Games like CityVille have started using publishing as a way to offer gifts and incentives. As you can see in the image above, my published story is bragging about my achievement, but also offering free experience points to other users who click through. A variety of such incentives encourage users to come back into the game to collect their prize, and the hope on the part of the publishing player (me in this case) is that those players will in turn show me reciprocity.
This strategy only really works if you have a critical mass of players though. It doesn't acquire fresh users, but rather re-interrupts the attention of cross-promoted, decanted and advertised customers. It also re-acquires lapsed customers. All of which is dependent, like most kinds of marketing, on repeated exposure. The more friends you have playing and publishing, the more you will notice that game, and the more likely you are to re-enter it.
Most advertising works on that sort of constant-exposure basis, and social game publishing really is no exception.
Visibility is Geometric
All four parts of the promotion equation feed into each other and produce geometric results. As we know from Metcalfe’s Law, the value of a network corresponds to the square of the individual members, and so the more users you have, the exponentially further reach you have.
In the early days of Facebook many developers practised seedy, spam-laden tactics to acquire users, and Zynga certainly was one of those. But what they've done with that attention along the way is figured out how to move it around, shift it from game to game, and keep using those opportunities to expand their reach further and further.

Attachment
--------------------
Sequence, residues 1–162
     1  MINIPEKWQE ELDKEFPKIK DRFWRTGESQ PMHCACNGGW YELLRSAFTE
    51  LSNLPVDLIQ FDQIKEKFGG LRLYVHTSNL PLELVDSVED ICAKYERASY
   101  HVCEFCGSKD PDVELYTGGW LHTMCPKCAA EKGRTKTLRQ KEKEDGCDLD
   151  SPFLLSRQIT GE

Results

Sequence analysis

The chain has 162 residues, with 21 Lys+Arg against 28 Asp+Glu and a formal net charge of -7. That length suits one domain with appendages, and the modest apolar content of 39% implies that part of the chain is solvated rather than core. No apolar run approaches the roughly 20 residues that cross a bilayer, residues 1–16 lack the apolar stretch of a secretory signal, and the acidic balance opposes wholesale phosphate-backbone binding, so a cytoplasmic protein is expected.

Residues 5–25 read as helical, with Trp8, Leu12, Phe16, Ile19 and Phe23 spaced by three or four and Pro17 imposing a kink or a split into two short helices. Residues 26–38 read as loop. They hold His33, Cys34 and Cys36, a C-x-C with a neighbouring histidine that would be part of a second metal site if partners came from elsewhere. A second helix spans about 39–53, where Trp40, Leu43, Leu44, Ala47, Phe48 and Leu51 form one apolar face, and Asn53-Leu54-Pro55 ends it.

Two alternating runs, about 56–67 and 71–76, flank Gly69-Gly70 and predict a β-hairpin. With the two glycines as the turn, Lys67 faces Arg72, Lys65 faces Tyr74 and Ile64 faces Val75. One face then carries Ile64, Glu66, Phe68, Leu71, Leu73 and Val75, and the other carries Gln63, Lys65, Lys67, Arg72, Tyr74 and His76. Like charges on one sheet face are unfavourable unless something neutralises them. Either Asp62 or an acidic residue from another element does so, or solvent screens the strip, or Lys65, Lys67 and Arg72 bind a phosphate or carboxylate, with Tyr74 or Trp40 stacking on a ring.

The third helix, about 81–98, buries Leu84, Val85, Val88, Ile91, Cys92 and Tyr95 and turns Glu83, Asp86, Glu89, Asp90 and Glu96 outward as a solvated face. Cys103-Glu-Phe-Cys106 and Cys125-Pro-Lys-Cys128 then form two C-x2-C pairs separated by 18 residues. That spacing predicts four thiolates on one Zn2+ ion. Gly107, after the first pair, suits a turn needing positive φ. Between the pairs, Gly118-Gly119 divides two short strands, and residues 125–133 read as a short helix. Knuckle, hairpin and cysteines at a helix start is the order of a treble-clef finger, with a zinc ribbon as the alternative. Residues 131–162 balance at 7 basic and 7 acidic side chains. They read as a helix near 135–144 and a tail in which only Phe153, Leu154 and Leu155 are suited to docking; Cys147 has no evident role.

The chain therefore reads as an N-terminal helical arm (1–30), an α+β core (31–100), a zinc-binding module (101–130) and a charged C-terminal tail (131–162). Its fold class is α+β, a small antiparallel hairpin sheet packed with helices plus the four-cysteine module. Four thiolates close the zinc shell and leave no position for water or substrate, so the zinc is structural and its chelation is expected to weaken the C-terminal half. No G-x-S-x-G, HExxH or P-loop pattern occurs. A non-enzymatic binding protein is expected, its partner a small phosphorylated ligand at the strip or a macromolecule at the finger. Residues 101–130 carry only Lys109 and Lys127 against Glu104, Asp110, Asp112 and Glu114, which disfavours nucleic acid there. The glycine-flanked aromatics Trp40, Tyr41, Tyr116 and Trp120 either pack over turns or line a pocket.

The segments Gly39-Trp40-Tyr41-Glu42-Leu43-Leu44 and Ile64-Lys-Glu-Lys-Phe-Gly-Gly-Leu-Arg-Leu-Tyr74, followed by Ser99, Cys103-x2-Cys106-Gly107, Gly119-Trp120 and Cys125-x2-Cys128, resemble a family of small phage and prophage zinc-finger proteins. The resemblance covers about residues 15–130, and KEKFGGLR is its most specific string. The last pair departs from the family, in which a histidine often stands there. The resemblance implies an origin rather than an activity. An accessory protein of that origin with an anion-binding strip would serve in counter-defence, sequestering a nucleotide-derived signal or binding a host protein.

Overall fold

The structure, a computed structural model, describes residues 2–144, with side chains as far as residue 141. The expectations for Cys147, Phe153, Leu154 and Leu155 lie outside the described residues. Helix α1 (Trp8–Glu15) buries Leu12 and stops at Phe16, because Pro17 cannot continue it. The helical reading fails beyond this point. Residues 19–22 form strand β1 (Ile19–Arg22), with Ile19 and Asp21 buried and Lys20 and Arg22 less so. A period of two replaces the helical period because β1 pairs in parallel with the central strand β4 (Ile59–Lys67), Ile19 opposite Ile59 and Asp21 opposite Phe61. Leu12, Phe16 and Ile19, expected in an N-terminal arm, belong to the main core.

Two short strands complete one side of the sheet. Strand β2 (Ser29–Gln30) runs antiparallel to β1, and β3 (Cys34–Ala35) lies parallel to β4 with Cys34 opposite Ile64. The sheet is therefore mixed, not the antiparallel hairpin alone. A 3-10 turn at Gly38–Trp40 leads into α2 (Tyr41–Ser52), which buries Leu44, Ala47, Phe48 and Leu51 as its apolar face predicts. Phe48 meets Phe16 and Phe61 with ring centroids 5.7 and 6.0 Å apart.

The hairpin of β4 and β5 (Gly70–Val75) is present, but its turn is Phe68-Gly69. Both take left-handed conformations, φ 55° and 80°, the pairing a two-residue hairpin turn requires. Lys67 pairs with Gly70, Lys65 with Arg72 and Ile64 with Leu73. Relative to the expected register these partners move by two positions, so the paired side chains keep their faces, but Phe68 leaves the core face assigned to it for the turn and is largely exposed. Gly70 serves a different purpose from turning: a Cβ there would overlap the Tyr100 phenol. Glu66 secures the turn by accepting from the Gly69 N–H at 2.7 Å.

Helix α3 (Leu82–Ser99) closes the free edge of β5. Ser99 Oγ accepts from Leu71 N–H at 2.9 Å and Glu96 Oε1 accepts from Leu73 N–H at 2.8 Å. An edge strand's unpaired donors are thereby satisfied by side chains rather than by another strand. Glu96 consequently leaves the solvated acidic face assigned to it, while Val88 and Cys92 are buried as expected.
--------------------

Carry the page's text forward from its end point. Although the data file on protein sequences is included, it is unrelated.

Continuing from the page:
The result, as with all successful companies on the web, is that they're now tapping into Metcalfe-style effects. Zynga are able to add a tonne of users very quickly into a game because they have built the channels to do so. Success follows more success, allows exponential expansion if you manipulate it in the right way, and that's why they're now the company adding 12m users in a week to their new game. Zynga are where they are today because they've realised that social gaming is actually about building a virtual network of applications inside Facebook through cross promotion, and they raced faster than anyone else to do so.
The next question is: What are they doing with those customers when they show up?
(That concludes the first part of CityVille Explained. Click here for part two.) (If you are finding value in these articles, show your appreciation with a retweet!)